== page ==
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Mapping prices into productivity in multisector growth models

  • Ngai, Liwa Rachel
  • Samaniego, Roberto

Two issues related to mapping a multi-sector model into a reduced-form value-added model are often neglected: the composition of intermediate goods, and the distinction between the productivity indices for value added and for gross output. We illustrate their significance for growth accounting using the well known model of Greenwood, Hercowitz and Krusell (1997), who find that about 60% of economic growth can be attributed to investment-specific technical change (ISTC). When we recalibrate their model to account for the composition of intermediates, we find that ISTC accounts for an even greater share of post-war US growth.

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Paper provided by C.E.P.R. Discussion Papers in its series CEPR Discussion Papers with number 7318.

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Date of creation: Jun 2009
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Handle: RePEc:cpr:ceprdp:7318
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  1. Kongsamut, P. & Rebelo, S. & Xie, D., 1997. "Beyong Balanced Growth," RCER Working Papers 438, University of Rochester - Center for Economic Research (RCER).
  2. Jason G. Cummins & Giovanni L. Violante, 2002. "Investment-Specific Technical Change in the US (1947-2000): Measurement and Macroeconomic Consequences," Review of Economic Dynamics, Elsevier for the Society for Economic Dynamics, vol. 5(2), pages 243-284, April.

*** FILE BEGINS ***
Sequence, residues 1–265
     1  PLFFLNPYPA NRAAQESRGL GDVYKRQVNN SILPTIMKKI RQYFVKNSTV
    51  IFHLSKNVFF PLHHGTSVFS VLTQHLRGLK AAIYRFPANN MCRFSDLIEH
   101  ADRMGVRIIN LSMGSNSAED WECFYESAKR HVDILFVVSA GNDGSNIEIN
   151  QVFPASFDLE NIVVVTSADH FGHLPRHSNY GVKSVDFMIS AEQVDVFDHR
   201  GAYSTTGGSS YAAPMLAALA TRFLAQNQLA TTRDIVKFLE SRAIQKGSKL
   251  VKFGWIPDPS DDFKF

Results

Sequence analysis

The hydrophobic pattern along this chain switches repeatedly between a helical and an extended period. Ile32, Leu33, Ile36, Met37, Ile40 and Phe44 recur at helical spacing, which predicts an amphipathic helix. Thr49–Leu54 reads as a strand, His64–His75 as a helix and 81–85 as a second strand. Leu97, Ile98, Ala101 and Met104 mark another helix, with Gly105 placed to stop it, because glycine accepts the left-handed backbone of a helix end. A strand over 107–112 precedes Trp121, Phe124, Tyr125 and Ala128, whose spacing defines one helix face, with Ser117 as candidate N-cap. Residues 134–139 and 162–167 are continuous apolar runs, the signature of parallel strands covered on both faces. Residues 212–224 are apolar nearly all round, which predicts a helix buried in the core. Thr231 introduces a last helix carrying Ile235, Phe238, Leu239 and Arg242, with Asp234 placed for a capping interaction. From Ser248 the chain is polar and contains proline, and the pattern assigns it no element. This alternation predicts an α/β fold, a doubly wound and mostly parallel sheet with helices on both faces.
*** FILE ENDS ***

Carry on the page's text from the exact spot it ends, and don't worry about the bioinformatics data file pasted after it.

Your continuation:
3. Greenwood, Jeremy & Hercowitz, Zvi & Krusell, Per, 1997. "Long-Run Implications of Investment-Specific Technological Change," American Economic Review, American Economic Association, vol. 87(3), pages 342-62, June.
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  7. Ngai, Liwa Rachel & Samaniego, Roberto, 2009. "Mapping prices into productivity in multisector growth models," CEPR Discussion Papers 7318, C.E.P.R. Discussion Papers.
  8. L. Rachel Ngai & Christopher Pissarides, 2008. "Employment outcomes in the welfare state," LSE Research Online Documents on Economics 3599, London School of Economics and Political Science, LSE Library.
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  13. Hui He & Zheng Liu, 2008. "Investment-Specific Technological Change, Skill Accumulation, and Wage Inequality," Review of Economic Dynamics, Elsevier for the Society for Economic Dynamics, vol. 11(2), pages 314-334, April.
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  17. Kevin D. Sheedy, 2007. "Inflation persistence when price stickiness differs between industries," LSE Research Online Documents on Economics 3738, London School of Economics and Political Science, LSE Library.
  18. Hulten, Charles R, 1992. "Growth Accounting When Technical Change Is Embodied in Capital," American Economic Review, American Economic Association, vol. 82(4), pages 964-80, September.
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  21. Jonas D. M. Fisher, 2006. "The Dynamic Effects of Neutral and Investment-Specific Technology Shocks," Journal of Political Economy, University of Chicago Press, vol. 114(3), pages 413-451, June.
  22. Andreas Hornstein & Per Krusell, 1996. "Can Technology Improvements Cause Productivity Slowdowns?," NBER Chapters, in: NBER Macroeconomics Annual 1996, Volume 11, pages 209-276 National Bureau of Economic Research, Inc.
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  24. Norihiko Yamano & Nadim Ahmad, 2006. "The OECD Input-Output Database: 2006 Edition," OECD Science, Technology and Industry Working Papers 2006/8, OECD Publishing.
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